"Imagine for a moment that "collective responsibility" created entitlement and fostered a lack of transparency and accountability.I have a vivid imagination in particular as I can actually imagine a continental organization of excellence, and while I am a dreamer, I dream with a sense of realism. And I fear that our correspondent may not fully understand what "collective responsibility" truly means.
Now imagine that smart, thoughtful Federations from NY to LA are defining a new "collective responsibilty" based on strategy, donor engagement, priority setting, measurable outcomes and partnerships."
Let me explain...
At the outset all of us would agree that there have been beneficiaries of our collective effort which have demonstrated a sense of "entitlement...a lack of transparency and accountability." And I would suggest that no organization better evidences all of those than does JFNA where our Dues are an expression of collective effort. And I have no doubt that if our "donors"/the federations -- to JFNA, JAFI, JDC, the Alliance or other -- demanded transformational change, transparency and accountability, change would occur. Instead, too many of us just take our marbles and move on to the next shiny object.
And let's fully understand that "collective action" is not that of any individual federation or any two or three -- it is the cumulative action of the many, if not all. So, for example, if Federation A determines that it shall drastically cut its allocation to, e.g., JAFI, to reallocate its global resources to, let's say, the Israel Trauma Coalition, that's an action that's neither "smart" nor "thoughtful" let alone impactful as would be the collective actions of multiple communities working together toward a collective goal. In far too many circumstances that I have observed over the years, individual federations have camouflaged themselves in the blanket of "collective action" to rationalize what was/is nothing more than a grant of limited impact. ..often very limited. For example, in the midst of Operation Promise of blessed memory, one Large City held back $150,000 in funds raised for the collective action in response to a War on Israel and, instead, allocated 30 tiny grants to small and large Israel-based charities. When I asked that community's Israel Representative why the funds were allocated for the collective purpose for which they were raised, he responded that the community liked to "expand its influence in Israel." I suggested that $5,000 per grant would have no impact on the beneficiaries -- the Rep just shrugged.
Back to the quote above from my Anonymous friend: I, and all of you, want what the writer believes he and his community are getting -- "donor engagement, priority setting, measurable outcomes and partnerships." The writer clearly believes that neither he nor his community (nor anyone for that matter) are getting those vital elements of any allocation from the historic beneficiaries -- and I am betting that those include JAFI and JDC.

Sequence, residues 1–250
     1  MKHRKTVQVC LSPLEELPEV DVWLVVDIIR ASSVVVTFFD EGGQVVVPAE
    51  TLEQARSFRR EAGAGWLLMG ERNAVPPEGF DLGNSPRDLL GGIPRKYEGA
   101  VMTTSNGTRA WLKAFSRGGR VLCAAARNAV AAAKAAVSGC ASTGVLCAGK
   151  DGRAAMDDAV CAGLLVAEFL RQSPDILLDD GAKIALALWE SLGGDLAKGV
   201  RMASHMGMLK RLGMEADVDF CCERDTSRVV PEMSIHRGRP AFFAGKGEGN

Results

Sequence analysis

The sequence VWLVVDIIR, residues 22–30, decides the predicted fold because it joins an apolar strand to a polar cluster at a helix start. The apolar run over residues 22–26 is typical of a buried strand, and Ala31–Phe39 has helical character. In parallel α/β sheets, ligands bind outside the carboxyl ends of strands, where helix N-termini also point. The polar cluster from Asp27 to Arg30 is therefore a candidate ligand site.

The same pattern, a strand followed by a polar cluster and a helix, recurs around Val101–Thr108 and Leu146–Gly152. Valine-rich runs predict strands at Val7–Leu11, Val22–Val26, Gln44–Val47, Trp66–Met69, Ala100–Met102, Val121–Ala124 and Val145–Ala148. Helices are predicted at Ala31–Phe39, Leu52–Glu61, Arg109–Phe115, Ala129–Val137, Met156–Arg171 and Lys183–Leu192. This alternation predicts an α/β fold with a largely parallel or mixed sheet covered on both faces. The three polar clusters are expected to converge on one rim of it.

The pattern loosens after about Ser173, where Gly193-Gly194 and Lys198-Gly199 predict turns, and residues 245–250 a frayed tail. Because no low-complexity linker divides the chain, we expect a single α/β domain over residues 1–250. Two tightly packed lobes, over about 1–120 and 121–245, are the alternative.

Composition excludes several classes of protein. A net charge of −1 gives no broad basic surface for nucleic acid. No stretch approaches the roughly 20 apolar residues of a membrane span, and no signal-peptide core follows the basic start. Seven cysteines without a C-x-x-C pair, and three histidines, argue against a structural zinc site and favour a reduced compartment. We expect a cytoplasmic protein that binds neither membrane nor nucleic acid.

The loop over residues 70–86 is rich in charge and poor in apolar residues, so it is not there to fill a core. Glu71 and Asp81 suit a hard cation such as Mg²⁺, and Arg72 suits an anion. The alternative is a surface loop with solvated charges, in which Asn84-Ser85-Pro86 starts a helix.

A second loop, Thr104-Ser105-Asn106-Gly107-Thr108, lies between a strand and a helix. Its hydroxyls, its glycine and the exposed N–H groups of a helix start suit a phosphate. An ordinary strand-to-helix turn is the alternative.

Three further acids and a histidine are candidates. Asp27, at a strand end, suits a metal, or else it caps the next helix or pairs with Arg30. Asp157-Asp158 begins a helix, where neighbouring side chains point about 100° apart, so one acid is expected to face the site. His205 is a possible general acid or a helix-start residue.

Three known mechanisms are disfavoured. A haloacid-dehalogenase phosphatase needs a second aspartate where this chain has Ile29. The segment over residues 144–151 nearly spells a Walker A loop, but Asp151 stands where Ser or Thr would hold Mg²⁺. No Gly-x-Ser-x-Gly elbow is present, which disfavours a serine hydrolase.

As the discussion ensued, one Commentator offered the perfect riposte:
"Federations are supposed to be the central fundraising arm for the community and for overseas partners who are not represented at the table. There are lots of advantages to this structure, not the least of which is that every organization can concentrate on its mission while federation concentrates on providing the resources, every donor can give one gift that covers lots of beneficiaries thus not being put in apposition of competing forces asking for donations, beneficiary agencies avoiding having to develop their own fundraising budgets, staff and so forth. JFNA (or some national organization) needs to be the model for federations promoting all beneficiaries. Instead this is what we get - a national organization that chews up and spits out $30 mil annually, fails to advocate and represent the international organizations, and forces the national organizations that we created to service the local agencies to become independent fundraisers. (BTW - what will now happen as federations raise less money and they give less money to their own beneficiaries as well - the national organizations of these local beneficiaries will now need to compete directly with the local agency they represent for the same dollars from the same donors. And if you pull your head out of the sand you will see that in very few cases will the donor select the national agency over funding the local agency they are supposed to be servicing."So, for those of you who would rather see your community pursue its own new sort of shiny objects than attempt the reformation of the beneficiaries of our collective efforts for a greater good, and sacrifice the potential of macro benefits from collective action for the short term micro benefits of "a little here, a little there" -- wishing you all the best.